Vitamin D status and outcomes for hospitalised older patients with COVID-19.
Postgrad Med J. 2020 Aug 27. Epub 2020 Aug 27. PMID: 32855214
PURPOSE: Older adults are more likely to be vitamin D deficient. The aim of the study was to determine whether these patients have worse outcomes with COVID-19.
METHODS: We conducted a prospective cohort study between 1 March and 30 April 2020 to assess the importance of vitamin D deficiency in older patients with COVID-19. The cohort consisted of patients aged≥65 years presenting with symptoms consistent with COVID-19 (n=105). All patients were tested for serum 25-hydroxyvitamin D (25(OH)D) levels during acute illness. Diagnosis of COVID-19 was confirmed via viral reverse transcriptase PCR swab or supporting radiological evidence. COVID-19-positive arm (n=70) was sub-divided into vitamin D-deficient (≤30 nmol/L) (n=39) and -replete groups (n=35). Subgroups were assessed for disease severity using biochemical, radiological and clinical markers. Primary outcome was in-hospital mortality. Secondary outcomes were laboratory features of cytokine storm, thoracic imaging changes and requirement of non-invasive ventilation (NIV).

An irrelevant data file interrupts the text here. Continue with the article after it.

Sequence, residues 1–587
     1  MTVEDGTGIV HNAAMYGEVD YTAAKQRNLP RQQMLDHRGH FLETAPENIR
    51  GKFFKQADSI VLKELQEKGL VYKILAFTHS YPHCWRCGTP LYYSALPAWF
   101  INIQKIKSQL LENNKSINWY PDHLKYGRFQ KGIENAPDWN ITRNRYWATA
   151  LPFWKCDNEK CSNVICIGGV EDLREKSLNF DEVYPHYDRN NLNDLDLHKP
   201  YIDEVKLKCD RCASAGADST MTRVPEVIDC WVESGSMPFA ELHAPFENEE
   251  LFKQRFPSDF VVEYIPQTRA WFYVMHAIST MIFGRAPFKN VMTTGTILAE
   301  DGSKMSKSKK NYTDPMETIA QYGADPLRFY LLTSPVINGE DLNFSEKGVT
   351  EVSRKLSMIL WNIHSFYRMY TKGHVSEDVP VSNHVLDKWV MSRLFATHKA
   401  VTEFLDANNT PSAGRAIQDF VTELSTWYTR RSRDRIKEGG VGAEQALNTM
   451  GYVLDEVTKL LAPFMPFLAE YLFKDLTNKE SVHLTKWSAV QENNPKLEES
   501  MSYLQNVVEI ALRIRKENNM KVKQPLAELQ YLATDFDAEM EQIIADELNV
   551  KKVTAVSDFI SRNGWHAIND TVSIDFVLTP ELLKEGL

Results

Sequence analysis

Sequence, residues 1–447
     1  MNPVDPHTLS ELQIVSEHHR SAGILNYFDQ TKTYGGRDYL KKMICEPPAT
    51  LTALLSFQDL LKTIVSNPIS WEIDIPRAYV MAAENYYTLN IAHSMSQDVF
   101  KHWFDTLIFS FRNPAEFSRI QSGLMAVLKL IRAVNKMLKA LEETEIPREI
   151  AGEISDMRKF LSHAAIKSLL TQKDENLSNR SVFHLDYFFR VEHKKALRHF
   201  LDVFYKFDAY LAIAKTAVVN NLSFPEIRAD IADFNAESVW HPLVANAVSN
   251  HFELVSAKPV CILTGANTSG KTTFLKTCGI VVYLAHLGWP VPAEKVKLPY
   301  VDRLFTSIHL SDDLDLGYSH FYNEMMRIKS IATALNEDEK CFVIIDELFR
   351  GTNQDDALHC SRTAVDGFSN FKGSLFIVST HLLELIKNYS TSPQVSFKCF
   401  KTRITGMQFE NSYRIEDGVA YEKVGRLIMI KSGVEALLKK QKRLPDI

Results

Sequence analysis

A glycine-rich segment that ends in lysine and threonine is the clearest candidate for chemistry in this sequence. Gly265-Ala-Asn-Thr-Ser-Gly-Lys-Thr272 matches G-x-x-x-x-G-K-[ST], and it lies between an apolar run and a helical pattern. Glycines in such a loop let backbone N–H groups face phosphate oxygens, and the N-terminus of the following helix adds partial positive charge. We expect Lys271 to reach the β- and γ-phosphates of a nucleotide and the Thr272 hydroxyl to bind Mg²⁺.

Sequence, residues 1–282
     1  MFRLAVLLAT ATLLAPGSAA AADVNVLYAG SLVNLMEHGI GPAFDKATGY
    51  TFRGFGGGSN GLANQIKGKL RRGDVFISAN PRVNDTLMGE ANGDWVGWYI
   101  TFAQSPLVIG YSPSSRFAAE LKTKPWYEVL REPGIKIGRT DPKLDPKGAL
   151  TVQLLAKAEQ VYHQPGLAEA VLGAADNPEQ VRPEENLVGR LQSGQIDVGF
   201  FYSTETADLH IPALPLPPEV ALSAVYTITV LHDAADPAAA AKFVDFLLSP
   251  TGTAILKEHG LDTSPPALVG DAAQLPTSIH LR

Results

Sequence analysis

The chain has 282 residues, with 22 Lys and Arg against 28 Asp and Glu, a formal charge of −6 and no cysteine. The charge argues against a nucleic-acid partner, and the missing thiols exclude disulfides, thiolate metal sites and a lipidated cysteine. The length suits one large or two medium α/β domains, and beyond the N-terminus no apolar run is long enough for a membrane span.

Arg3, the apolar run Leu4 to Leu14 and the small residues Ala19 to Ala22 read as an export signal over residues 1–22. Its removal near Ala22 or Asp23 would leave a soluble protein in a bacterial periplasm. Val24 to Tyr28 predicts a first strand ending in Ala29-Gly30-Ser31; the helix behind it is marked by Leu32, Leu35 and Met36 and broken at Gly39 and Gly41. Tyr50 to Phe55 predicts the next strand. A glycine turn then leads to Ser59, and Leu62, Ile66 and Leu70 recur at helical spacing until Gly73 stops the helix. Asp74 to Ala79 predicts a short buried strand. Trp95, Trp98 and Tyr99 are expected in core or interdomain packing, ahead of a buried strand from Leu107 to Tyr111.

RESULTS: COVID-19-positive arm demonstrated lower median serum 25(OH)D level of 27 nmol/L (IQR=20-47 nmol/L) compared with COVID-19-negative arm, with median level of 52 nmol/L (IQR=31.5-71.5 nmol/L) (p value=0.0008). Among patients with vitamin D deficiency, there was higher peak D-dimer level (1914.00 μgFEU/L vs 1268.00 μgFEU/L) (p=0.034) and higher incidence of NIV support and high dependency unit admission (30.77% vs 9.68%) (p=0.042). No increased mortality was observed between groups.
CONCLUSION: Older adults with vitamin D deficiency and COVID-19 may demonstrate worse morbidity outcomes. Vitamin D status may be a useful prognosticator.